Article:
As Senate Majority Leader Mitch McConnell faces re-election in 2020, he’s using his powerful post to prop up a bipartisan issue that could gain traction. “It’s an epidemic. It’s spread into the high schools and the middle schools. It’s a growing problem,” said McConnell.

On its face, the Tobacco-Free Youth Act, aimed to lift the nationwide minimum purchasing age of tobacco to twenty one, doesn’t seem all that controversial. The health risks associated with tobacco has long been established.

Several states, including California, and cities across the country, like New York, have already raised the age.

The tobacco lobby is even championing the effort but corporations could have ulterior motives, avoiding more punitive regulations down the line like higher taxes and a ban on flavored tobacco products.

“There’s nothing that prohibits these battles from being fought from every state in the nation. We don’t preempt the field. We don’t tell states what they can’t do,” said McConnell.

McConnell acknowledges tobacco has deep cultural roots in Kentucky. He says there are still about 2,600 tobacco farms in the state. Big tobacco’s loss could be the hemp industry's gain. Senator McConnell was instrumental in industrial hemp becoming legal through the Farm Bill last year. As he works to limit vaping among teens, he continues to tout the benefits of the growing hemp economy.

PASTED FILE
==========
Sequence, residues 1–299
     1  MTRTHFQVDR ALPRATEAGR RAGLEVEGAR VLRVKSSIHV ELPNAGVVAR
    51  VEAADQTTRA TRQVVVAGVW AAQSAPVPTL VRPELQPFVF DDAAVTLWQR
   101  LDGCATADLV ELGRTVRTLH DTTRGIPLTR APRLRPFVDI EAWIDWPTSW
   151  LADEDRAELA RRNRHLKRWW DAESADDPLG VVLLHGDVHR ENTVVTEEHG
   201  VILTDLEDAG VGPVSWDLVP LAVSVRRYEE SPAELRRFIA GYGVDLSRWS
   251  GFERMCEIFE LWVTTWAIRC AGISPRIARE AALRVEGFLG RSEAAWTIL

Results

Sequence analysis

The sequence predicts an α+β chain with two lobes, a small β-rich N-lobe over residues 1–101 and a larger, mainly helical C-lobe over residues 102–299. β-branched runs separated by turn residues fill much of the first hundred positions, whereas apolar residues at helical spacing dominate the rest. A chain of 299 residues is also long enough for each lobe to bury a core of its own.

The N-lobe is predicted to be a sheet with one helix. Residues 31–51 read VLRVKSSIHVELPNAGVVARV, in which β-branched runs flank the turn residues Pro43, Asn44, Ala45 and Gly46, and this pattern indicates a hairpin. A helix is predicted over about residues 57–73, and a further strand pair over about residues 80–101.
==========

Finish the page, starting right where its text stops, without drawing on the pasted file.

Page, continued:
“The number of people in tobacco production went down dramatically and so you’ve got a lot of people saying, what am I going to do? I still want to be a farmer, what am I going to do? I’m not in the tobacco business anymore. It’s a good replacement for a lot of Kentucky farmers who simply discontinued growing tobacco,” said McConnell.

McConnell believes there is a pathway to his bill becoming law, citing support from more than a dozen advocates and public health groups including the American Academy of Pediatrics.

Senator Tim Kaine, a Democrat from Virginia, is a cosponsor on the bill. “There’s pretty broad support for it and as the Majority Leader of the Senate, I’m usually in a pretty good position to help make these things happen.”